There's two sets of controls in the aircraft, so either pilot can fly. You have your screens here, which pass you all your flight information, altitude [how high in the air you are], air, speed. The screen in the middle here that kind of helps you with navigation [process of finding your way to get to a place] and monitors your systems that are on your aircraft. Let’s you know how your engines are running and how much fuel you have.
What do you like about your job?
So the part I like most about my job is that it's very fluid. There’s something always happening; there's something always changing. There’s always a new mission [important assignment or task]; there's always a new flight to go on. In the last couple of months, I've been to San Francisco, New York, Chicago, Normandy, France.
How do you prepare for a mission?
There's a lot of young marines that maintain these airplanes. They do all of the maintenance on these planes. They fuel them, they make sure they’re all serviced correctly and they’re ready for us to go fly. And they do a fantastic job.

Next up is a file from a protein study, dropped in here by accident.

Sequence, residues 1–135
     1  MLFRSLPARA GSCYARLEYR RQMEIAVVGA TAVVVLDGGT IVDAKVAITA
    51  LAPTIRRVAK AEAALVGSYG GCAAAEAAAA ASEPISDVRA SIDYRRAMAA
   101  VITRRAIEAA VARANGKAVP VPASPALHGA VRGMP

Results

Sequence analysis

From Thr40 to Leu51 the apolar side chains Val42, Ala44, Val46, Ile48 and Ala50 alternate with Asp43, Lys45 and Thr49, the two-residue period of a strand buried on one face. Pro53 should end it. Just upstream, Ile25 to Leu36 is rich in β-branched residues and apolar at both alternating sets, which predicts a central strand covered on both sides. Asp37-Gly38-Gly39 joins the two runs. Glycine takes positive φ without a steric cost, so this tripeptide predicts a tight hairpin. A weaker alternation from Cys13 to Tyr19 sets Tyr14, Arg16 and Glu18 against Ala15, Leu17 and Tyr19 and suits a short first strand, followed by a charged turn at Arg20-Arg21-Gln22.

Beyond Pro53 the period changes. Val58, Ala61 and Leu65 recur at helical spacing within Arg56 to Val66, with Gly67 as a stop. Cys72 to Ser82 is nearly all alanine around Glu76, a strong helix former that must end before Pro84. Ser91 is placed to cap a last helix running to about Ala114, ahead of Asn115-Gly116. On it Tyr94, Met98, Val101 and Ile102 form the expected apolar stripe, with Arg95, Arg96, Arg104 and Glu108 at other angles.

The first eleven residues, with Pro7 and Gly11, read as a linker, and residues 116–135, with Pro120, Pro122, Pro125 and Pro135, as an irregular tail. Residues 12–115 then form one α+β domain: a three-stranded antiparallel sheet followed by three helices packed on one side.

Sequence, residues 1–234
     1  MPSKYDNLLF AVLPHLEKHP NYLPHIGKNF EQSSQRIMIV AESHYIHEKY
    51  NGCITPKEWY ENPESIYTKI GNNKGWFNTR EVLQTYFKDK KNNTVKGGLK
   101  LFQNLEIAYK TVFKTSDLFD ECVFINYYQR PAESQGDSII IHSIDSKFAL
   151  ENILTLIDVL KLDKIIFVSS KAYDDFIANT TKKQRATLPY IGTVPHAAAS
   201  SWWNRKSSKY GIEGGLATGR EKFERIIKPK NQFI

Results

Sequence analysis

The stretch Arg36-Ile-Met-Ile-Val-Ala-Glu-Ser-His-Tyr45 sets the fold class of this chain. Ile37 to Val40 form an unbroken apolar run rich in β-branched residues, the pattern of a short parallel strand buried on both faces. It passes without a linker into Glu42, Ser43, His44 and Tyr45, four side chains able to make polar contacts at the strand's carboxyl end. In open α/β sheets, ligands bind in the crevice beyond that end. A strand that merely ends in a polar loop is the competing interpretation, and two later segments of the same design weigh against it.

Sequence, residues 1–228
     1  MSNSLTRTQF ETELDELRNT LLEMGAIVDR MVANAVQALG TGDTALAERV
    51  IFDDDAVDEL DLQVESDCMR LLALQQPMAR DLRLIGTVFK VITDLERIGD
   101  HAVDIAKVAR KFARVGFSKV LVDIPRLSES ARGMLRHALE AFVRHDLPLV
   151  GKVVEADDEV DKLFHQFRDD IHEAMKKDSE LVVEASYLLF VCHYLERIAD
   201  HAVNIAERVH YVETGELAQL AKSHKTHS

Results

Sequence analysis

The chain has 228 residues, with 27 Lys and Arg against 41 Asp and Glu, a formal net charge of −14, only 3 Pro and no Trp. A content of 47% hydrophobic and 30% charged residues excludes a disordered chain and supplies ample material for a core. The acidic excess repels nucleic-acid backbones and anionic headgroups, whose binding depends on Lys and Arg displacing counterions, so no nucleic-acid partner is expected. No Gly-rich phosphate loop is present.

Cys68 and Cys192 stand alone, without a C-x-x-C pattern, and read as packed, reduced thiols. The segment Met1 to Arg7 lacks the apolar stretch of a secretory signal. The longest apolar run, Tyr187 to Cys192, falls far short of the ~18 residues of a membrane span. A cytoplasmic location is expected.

For a successful mission, [it] actually starts way before that, days to weeks prior. All the marines I was talking about, they start getting the aircraft ready. They start packing everything up and getting ready to get on board airplanes, to move to a site location [place you are traveling to] or getting the aircraft prepared to fly to that site location and as in most jobs a lot of it is in the preparation.
What does it take to be a pilot?
Pay attention in all your math classes. In the cockpit [front of the aircraft] you're always figuring things out, distances, fuels. Eye-hand coordination [control of eye movement with hand movement] some, but if you pay attention in school, listen to your teachers, listen to your parents, anybody can be a pilot. It just takes discipline and work and passion, drive.